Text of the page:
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The End of Patriarchy: Radical Feminism for Men, by Robert Jensen.

December 20, 2017

End of PatriarchyThe End of Patriarchy: Radical Feminism for Men, by Robert Jensen.  Melbourne: Spinifex Press, 2017.

5 stars

A clear, concise argument supporting radical feminists’ demand that we must end institutionalized male dominance if we hope to achieve a just society.

Robert Jensen is a Journalism Professor at the University of Texas who has published widely about a variety of Progressive causes.  He is a widely respected scholar/activist who has been on the forefront of rethinking social issues for the past two decades.

Jensen is properly aware of his own privileged position and of the problem of men addressing feminist issues. He says repeatedly that he is not speaking for women or lecturing to them.  Instead he feels that his privilege gives him a responsibility to be part of a conversation that he considers vital for all of us.  He is refreshingly humble and does not take sides on unanswerable questions like nature vs. nurture.  He does, however, take positions on some of the issues being debated among feminists.

In Jensen’s vocabulary, “radical” does not mean an appeal to violence or the rejection of all men.  Quite simply, for him radical means deep social change, cutting out the roots of the problem—especially the problem of dominant/subordinate behavior patterns.  For him, as for many 60s radicals, the opposite is “liberal” by which he means prioritizing gains of individual women into the existing dominate groups.  His emphasis on the need for social rather than individual change or opportunity, shapes his stance on the contemporary debates he discusses.

As a social scientist, Jensen sees male domination rising in the prehistoric period, perhaps with the emergence of agriculture. Before that, he envisions people working “with” rather than “for” each other.  Critically he claims that the desire for domination is not something basic to humans but something that humans created and can change.  While any evidence for the prehistoric period is scarce, he is far from alone in taking this viewpoint.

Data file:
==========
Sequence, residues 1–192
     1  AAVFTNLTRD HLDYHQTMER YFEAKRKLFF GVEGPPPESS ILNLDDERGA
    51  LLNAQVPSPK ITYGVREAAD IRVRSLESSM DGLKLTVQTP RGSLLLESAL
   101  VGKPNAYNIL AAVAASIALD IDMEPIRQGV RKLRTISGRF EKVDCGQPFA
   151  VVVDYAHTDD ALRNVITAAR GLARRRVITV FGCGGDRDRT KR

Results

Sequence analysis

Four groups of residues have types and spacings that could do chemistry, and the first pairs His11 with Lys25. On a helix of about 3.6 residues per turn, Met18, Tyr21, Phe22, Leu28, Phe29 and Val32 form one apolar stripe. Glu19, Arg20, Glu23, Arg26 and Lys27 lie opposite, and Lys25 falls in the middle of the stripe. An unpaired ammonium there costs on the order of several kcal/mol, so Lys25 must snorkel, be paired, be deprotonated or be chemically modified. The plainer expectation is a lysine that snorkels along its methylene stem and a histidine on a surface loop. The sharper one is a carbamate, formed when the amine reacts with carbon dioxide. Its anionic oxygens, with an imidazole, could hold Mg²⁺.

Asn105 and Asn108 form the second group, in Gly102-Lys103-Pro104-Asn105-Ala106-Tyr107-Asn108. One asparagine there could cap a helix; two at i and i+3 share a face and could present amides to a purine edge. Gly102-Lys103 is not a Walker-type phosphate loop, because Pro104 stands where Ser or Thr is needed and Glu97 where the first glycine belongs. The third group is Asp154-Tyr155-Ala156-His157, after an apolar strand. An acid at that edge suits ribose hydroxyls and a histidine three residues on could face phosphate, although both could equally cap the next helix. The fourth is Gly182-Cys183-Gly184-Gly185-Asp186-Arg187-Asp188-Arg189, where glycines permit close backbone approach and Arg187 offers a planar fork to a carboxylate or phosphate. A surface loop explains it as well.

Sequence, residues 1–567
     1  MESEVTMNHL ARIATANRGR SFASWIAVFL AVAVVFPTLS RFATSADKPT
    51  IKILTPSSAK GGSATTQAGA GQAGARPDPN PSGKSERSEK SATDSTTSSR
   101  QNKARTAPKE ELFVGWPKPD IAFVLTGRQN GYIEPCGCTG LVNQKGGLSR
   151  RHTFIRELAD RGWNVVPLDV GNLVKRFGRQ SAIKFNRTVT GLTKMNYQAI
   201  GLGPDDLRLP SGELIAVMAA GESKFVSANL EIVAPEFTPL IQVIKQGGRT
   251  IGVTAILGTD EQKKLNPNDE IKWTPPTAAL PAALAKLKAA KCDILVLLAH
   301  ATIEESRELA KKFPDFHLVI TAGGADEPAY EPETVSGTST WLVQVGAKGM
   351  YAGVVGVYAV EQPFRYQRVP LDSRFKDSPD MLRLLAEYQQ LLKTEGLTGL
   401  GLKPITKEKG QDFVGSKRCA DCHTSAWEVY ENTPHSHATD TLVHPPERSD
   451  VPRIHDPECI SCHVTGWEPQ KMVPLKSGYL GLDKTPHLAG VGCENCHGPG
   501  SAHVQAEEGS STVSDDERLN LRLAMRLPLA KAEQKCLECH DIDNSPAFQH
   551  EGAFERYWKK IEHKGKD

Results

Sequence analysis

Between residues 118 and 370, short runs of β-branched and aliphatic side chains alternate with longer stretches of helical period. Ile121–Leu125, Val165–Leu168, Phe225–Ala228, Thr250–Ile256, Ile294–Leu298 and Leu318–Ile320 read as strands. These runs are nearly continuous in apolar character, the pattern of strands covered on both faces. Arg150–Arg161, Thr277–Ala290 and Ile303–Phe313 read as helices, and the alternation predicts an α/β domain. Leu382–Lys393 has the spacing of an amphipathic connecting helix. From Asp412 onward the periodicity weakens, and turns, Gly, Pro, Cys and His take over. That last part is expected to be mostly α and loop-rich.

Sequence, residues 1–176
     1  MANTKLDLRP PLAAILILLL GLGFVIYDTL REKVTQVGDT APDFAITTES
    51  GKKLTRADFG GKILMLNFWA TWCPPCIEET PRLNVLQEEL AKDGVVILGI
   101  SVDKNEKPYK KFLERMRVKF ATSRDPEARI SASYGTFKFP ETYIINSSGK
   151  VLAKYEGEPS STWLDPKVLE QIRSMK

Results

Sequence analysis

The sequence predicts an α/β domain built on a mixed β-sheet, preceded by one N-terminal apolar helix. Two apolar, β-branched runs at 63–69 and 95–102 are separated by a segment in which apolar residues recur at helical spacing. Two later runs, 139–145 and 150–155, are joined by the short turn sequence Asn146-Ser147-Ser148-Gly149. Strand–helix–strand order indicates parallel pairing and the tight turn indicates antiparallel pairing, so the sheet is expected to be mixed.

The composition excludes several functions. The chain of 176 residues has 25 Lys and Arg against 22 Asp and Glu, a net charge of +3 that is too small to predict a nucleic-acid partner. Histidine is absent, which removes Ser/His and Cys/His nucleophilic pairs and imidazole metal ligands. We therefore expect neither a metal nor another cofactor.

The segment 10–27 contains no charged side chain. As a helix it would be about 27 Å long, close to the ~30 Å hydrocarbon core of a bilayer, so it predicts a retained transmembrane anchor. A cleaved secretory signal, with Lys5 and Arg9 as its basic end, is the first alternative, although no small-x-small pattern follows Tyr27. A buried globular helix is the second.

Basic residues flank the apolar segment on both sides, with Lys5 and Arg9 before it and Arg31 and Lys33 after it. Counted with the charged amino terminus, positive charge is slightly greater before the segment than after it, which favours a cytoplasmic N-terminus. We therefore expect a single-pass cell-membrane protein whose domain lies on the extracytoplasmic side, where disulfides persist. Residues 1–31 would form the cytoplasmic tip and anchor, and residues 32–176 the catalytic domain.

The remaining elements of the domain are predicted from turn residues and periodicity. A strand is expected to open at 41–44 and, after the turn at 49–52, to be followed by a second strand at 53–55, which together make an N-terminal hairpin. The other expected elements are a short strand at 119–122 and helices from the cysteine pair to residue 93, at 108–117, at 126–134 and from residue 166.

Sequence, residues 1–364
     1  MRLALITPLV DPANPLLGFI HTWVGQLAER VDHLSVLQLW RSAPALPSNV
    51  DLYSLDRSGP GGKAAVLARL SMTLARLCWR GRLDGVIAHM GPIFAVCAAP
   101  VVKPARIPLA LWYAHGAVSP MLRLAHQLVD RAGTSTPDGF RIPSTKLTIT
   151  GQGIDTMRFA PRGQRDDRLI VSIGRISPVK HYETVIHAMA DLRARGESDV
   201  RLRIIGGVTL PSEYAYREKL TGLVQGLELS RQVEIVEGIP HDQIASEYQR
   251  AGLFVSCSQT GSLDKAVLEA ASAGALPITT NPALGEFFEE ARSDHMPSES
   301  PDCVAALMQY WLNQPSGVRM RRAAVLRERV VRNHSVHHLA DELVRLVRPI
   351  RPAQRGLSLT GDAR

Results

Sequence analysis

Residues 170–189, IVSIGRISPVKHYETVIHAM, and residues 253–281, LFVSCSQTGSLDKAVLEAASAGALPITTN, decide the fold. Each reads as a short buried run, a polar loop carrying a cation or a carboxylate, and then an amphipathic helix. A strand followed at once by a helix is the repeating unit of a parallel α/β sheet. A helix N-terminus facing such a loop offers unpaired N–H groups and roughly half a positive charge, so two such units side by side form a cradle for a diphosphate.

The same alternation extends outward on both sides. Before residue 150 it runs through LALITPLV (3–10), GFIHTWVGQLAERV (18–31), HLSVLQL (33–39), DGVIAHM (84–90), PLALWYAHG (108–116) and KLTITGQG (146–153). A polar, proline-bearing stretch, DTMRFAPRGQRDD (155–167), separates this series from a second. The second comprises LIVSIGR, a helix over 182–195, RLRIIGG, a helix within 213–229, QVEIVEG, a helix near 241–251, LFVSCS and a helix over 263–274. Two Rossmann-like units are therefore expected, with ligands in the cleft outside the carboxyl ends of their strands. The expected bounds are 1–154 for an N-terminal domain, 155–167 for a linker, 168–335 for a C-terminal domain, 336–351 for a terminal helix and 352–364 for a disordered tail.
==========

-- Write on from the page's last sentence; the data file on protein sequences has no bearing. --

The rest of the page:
Moving away from theoretical issues, Jensen discusses rape and rape culture, prostitution and sex work, and transgender issues.  In each case he seeks to be supportive of victims while asking us to consider long-term structural, rather than only personal problems. His discussion of transgender options moved into important new territory for me. Within the context of validating transgender individuals, he does not support “a liberal, individual, medicalized approach to the problem of patriarchy’s rigid, repressive, and reactionary gender norms.”  As part of a more just society, he would prefer more open, flexible gender options in which all can make peace with their own bodies without medical assistance.

I was impressed with Jensen’s approach to radical feminism.  I was familiar with much of what he had to say, and I like how he summarized complex issues.  I wish all the women and men with whom I discuss feminist issues would read this small book.  I am glad to recommend it to a wide range of men and women who are interested in the cutting edge of feminist theory today.

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